As co-founder of the Savory Institute, Zimbabwean farmer and ecologist Allan Savory is a key but controversial figure in movements to combat desertification. After a seven-decade career he has developed a method for moving livestock across dry plains in a way that he says mimics nature, prevents overgrazing, and helps grasslands grow.
Savory claims his ‘Holistic Management’ process — leading a herd to defecate and trample minerals, urine and old plant matter into the ground — creates the right conditions for greener areas that can effectively absorb and store carbon in soils, effectively reversing climate change. He says these areas become full of water and biodiversity and create economic abundance for farmers.
Savory’s institute manages over 8 million hectares of land across the US, Africa, Mexico, Argentina, Chile, Canada and Australia. His 2013 TED Talk has racked up over 5 million views; he has been called a “remarkable man” by Prince Charles of the UK; and in 2003 he was honoured by Australia with the Banksia International Award for the “person doing the most for the environment on a global scale”.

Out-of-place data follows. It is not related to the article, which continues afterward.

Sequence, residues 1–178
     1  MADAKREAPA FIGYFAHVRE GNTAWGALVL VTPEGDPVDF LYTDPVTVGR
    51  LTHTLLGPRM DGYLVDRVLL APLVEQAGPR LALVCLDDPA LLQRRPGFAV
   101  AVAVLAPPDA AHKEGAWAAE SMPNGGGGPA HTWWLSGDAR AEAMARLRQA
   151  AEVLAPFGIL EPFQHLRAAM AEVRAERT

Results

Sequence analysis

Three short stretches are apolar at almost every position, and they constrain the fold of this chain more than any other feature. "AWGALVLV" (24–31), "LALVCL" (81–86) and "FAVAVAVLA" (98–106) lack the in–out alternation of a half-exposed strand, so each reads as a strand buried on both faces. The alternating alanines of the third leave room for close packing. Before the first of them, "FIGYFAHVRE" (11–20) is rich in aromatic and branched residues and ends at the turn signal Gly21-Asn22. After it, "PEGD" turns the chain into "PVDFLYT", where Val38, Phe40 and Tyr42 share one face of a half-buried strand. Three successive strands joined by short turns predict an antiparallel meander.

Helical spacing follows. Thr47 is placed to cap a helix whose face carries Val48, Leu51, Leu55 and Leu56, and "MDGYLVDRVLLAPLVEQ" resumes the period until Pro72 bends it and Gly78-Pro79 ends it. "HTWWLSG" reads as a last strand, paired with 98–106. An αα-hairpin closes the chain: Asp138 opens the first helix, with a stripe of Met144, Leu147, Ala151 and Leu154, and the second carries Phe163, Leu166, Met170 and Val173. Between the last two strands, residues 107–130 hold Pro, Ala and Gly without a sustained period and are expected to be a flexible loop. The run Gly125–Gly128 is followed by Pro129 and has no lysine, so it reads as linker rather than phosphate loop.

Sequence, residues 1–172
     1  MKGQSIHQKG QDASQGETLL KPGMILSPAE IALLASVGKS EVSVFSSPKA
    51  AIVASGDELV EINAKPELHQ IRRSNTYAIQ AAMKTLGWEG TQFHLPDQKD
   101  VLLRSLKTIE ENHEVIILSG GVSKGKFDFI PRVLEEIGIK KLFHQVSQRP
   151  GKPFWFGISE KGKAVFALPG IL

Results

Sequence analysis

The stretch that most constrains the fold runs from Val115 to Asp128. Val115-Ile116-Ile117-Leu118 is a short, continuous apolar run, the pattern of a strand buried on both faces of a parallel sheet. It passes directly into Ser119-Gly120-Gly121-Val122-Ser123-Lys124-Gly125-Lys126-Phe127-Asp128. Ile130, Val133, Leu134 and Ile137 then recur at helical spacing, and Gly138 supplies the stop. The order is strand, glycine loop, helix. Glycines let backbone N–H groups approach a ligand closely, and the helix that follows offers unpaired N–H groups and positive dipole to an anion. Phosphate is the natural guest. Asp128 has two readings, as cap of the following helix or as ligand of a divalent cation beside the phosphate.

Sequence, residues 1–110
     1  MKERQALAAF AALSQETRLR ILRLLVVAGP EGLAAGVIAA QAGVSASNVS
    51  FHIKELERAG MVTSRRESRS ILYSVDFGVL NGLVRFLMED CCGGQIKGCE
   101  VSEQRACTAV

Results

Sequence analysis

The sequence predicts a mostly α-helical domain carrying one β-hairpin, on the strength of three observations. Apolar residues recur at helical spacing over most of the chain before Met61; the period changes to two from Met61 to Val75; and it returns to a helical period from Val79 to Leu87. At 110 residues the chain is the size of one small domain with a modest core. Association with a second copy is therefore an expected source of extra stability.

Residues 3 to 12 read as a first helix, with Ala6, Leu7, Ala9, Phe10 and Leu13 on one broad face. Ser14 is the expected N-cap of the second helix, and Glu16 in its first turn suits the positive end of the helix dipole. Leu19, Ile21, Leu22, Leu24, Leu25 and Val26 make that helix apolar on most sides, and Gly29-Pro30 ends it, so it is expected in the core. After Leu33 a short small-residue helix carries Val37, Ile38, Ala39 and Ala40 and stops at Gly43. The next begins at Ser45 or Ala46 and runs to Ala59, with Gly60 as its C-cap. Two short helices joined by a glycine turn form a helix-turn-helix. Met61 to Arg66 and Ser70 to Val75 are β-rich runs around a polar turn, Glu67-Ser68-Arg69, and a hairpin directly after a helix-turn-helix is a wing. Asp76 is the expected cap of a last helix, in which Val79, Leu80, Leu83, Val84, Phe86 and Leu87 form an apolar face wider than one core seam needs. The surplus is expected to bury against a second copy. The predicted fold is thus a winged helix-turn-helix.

However, Savory’s ideas have sparked strident opposition from some academics, who question both the wisdom of increasing numbers of livestock and the potential for the ground to capture high levels of carbon. UK ecological writer George Monbiot compared the rush to embrace Savory’s ideas as similar to the rush towards a miracle cure — writing that the Zimbabwean’s statements “are not supported by empirical evidence and experimental work, and that in crucial respects his techniques do more harm than good.”
Savory graduated with an undergraduate degree in Botany and Zoology from the University of KwaZulu-Natal in 1956.Tags: Africa, Drought
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